To the space station and beyond with Linux

Wednesday, May 8, 2013

Summary: The International Space Station's laptops are moving from Windows to Linux, and R2, the first Linux-powered humanoid robot in space, is now under-going in-flight testing.

By Steven J. Vaughan-Nichols

This isn't science-fiction. This is R2, the first humanoid robot in space, and it's powered by Linux. (Image: NASA)

Unlike my recent spoof story about a Linux-powered Iron Man suit that you could build at home, this story isn't science fiction. NASA really has decided to drop Windows from the laptops on the International Space Station (ISS) in favor of Linux, and the first humanoid robot in space, R2, really is powered by Linux.

Keith Chuvala, a United Space Alliance contractor, manager of the Space Operations Computing (SpOC) for NASA, and leader of the ISS's Laptops and Network Integration Teams, recently explained that NASA had decided to move to Linux for the ISS's PCs. "We migrated key functions from Windows to Linux because we needed an operating system that was stable and reliable — one that would give us in-house control. So if we needed to patch, adjust, or adapt, we could."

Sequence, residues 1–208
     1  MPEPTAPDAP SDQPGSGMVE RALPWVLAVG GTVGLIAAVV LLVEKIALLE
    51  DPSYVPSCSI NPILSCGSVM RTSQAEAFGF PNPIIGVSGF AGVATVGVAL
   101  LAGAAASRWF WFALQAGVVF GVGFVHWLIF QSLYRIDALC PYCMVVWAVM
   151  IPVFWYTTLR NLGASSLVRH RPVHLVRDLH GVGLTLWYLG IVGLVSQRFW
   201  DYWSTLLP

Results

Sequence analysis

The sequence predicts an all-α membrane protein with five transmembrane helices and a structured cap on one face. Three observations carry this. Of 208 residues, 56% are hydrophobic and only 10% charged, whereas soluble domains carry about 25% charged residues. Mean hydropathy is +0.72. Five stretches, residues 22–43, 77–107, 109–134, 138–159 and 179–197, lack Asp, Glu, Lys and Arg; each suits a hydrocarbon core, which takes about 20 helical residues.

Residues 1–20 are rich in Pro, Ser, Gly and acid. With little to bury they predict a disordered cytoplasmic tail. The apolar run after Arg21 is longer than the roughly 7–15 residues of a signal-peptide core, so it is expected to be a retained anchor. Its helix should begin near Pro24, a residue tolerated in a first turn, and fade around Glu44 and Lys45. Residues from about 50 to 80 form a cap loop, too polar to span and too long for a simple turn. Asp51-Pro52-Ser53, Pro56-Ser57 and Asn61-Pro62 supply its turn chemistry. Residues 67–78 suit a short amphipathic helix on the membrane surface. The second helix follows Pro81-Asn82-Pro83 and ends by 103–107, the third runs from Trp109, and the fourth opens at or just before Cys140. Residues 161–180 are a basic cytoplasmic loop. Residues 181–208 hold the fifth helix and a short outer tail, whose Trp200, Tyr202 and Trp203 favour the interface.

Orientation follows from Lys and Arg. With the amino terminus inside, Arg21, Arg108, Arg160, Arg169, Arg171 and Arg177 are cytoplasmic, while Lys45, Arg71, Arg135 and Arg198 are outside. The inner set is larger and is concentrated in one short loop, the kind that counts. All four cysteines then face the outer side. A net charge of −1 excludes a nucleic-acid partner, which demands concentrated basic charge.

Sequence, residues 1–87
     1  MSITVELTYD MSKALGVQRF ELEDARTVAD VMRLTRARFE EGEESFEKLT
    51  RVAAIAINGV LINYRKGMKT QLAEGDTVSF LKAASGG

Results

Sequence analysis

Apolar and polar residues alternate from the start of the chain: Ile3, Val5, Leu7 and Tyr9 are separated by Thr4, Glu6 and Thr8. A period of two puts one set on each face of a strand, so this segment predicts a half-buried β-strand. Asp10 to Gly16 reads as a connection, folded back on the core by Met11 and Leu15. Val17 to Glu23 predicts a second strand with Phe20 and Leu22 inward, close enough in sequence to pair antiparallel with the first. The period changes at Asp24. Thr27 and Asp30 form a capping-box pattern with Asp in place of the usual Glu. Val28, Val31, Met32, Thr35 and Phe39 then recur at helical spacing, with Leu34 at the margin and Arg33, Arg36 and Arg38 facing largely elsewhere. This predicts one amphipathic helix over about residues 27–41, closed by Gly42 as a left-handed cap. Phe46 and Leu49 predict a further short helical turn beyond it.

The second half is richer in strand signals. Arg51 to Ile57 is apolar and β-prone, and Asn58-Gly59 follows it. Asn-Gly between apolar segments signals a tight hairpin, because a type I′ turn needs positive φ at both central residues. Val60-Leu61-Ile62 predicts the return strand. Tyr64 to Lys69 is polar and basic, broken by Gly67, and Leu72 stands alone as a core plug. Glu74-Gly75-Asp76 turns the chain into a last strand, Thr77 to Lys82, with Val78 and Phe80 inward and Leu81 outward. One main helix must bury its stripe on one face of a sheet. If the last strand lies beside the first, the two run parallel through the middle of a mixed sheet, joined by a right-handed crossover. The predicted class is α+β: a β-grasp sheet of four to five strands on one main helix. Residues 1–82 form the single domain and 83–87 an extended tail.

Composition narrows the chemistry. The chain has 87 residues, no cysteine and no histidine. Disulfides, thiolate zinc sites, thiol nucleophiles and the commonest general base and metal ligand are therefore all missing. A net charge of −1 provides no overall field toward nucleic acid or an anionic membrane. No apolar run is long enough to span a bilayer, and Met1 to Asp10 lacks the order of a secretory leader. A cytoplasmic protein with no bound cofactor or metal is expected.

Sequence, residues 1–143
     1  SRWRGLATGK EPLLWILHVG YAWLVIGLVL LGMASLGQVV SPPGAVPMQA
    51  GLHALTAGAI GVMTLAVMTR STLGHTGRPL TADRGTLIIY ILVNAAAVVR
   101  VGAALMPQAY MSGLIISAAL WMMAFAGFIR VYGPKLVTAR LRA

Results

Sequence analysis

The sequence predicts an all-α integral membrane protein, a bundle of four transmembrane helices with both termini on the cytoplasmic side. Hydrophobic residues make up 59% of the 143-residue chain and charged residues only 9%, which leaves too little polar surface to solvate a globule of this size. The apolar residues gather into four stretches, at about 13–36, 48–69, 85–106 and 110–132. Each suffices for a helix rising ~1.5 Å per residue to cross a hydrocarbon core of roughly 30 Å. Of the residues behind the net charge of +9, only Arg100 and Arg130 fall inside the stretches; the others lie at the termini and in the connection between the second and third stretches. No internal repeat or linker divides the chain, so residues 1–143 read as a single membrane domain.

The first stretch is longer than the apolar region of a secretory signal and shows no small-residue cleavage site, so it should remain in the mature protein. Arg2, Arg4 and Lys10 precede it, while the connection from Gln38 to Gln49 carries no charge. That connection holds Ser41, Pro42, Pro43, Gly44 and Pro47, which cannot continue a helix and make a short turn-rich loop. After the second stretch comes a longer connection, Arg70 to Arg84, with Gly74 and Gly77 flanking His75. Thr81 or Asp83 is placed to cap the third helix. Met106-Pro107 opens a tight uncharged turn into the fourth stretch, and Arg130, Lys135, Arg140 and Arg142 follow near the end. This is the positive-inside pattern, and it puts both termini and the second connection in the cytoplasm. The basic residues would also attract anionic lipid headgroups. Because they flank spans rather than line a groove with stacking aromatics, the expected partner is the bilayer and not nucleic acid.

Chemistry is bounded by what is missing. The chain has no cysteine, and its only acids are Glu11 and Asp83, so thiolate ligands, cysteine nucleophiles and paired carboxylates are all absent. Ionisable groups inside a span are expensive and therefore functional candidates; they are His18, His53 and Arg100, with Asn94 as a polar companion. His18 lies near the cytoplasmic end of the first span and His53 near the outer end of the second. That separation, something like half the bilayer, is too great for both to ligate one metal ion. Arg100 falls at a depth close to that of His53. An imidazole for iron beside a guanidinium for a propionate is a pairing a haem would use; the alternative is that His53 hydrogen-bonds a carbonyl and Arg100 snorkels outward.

Specifically, the ISS astronauts will be using computers running Debian 6. Earlier, some of the on-board computers had been using Scientific Linux, a Red Hat Enterprise Linux (RHEL) clone. While not the newest version of Debian, Debian 7 has just been released, Debian is nothing if not well-tested and reliable.

Read the rest here!


Anonymous said...

May the Source (code) be with you !

Anonymous said...

Another good open source application is Libre (Free) Office.

Anonymous said...

Open World: The Open Sourcing of Everything by GlobalResearchTV

Essentially, open source software is software that allows users to inspect, change and share the source code of the program. Instead of passive consumers of a program, users become part of a community to which they can choose to contribute if they are capable and inclined. The difference from everyday consumer culture, where shoppers simply line up to buy products that are already in their final form, and it is almost never expected that shoppers will actually try to open up or modify those products.

Find out more about the open source idea and how it is transforming human interaction in this week's GRTV Backgrounder.

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